A BEAUTIFUL BOY AND A CRIPPLED BOY
By Jordan Alexander
“I was on a bus, sitting next to a crippled boy.”
Fred watched me. A cigarette between his Mexican lips.
“He loved music and loved the idea of Christianity.”
Mint smoke rose between us. Rum settled inside us.
“But he found a conflict in loving both.”
Fred didn’t ask me what the boy looked like. He didn’t care how the boy smelled.
But I told him.
“He hadn’t shaved in a couple days. And he wore this polyester, zebra-print
button down. His pants were very short because his legs were half gone.”
Fred emptied himself in my toilet, refilled our glasses, and sat back down.
“I wanted him to sit next to me. I don’t think I made that clear. I think he thought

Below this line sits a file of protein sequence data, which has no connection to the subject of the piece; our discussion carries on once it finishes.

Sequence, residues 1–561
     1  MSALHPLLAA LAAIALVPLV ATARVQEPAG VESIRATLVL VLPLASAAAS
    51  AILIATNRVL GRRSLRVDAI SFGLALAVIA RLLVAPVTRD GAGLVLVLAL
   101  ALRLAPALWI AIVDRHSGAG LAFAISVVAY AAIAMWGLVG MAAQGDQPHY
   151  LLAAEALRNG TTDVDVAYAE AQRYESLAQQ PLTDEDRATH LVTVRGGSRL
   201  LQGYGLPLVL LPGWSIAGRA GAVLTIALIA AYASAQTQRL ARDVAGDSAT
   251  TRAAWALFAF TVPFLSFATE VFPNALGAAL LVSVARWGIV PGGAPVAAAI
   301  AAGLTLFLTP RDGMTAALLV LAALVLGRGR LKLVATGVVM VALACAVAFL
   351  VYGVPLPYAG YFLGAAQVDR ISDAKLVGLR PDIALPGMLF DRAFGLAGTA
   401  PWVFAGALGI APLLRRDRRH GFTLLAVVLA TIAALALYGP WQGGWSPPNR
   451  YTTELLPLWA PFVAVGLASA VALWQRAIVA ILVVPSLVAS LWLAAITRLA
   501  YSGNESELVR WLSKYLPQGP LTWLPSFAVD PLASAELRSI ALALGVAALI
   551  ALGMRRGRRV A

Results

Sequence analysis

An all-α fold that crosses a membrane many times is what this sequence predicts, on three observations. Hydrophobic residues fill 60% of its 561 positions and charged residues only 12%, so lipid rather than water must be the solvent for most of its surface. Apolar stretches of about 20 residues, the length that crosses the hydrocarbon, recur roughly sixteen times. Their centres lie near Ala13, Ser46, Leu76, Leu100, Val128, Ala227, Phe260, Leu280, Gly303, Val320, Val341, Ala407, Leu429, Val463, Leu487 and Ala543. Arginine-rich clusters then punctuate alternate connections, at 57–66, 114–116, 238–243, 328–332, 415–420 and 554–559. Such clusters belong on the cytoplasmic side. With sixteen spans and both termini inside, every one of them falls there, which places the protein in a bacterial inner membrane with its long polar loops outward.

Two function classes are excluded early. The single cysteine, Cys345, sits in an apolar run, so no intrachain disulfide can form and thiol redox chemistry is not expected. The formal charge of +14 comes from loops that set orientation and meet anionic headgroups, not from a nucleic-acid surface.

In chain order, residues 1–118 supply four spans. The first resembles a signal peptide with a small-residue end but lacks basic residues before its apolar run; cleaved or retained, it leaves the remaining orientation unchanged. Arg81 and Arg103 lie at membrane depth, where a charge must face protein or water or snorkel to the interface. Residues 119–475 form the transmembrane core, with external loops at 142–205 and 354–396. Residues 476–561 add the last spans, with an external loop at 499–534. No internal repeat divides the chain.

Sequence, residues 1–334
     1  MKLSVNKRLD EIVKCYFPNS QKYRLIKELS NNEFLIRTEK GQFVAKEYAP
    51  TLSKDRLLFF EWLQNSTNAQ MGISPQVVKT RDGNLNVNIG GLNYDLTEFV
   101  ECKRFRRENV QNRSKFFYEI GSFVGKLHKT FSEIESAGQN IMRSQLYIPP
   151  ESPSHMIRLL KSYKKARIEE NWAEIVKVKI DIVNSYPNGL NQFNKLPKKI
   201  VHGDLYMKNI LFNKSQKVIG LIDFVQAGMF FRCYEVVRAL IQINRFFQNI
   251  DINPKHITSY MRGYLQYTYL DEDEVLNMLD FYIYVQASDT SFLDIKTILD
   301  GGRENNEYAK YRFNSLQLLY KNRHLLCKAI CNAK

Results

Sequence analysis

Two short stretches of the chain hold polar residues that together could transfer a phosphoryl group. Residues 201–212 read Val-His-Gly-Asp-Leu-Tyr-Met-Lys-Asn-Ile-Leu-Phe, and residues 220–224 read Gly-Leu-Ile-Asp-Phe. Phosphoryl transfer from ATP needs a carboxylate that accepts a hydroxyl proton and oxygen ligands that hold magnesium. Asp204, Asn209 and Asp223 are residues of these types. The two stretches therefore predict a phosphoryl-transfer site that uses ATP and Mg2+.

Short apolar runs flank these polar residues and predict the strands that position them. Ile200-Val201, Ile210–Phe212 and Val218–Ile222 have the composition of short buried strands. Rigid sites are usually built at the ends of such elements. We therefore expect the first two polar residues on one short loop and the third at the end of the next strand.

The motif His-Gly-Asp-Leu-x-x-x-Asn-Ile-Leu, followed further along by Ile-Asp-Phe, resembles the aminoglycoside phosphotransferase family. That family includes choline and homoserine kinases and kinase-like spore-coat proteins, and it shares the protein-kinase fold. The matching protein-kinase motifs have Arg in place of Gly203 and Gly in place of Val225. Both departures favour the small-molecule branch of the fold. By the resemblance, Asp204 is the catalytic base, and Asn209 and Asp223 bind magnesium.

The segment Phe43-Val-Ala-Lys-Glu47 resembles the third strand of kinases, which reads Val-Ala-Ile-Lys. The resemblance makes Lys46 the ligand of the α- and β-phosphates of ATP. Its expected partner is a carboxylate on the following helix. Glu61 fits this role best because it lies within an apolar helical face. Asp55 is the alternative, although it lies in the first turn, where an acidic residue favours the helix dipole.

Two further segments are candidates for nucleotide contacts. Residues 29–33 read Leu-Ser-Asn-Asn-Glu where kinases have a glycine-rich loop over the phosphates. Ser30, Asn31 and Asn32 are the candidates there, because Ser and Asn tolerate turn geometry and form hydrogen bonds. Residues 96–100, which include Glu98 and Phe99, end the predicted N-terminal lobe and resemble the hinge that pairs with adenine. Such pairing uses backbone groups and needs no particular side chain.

I felt obliged to move my bag. But I wanted him there, and I put away my book, and felt
his arm against mine. He smelled like sour man.”
Fred gave the rest of his rum to me, and I filled the toilet, and we left my
“I thought about doing something to him.”
We ran into a homeless man we knew. Fred had offered this man a job at the
store where he worked. It was a lie, but it had made this man’s night, and here he was
again. His cheeks were full of crinkles and caverns, and my sight ran through them,
hurdling over dirt and overflowing pores.
“Sorry, we don’t got any change tonight,” Fred said, addressing the man by his
name. I have forgotten his name.
“You need some money?” And the man offered us some change.
We took nothing, shook his hand, and continued down the avenue.
We stopped at a bar on 7th street. Fred had, some months before, chosen the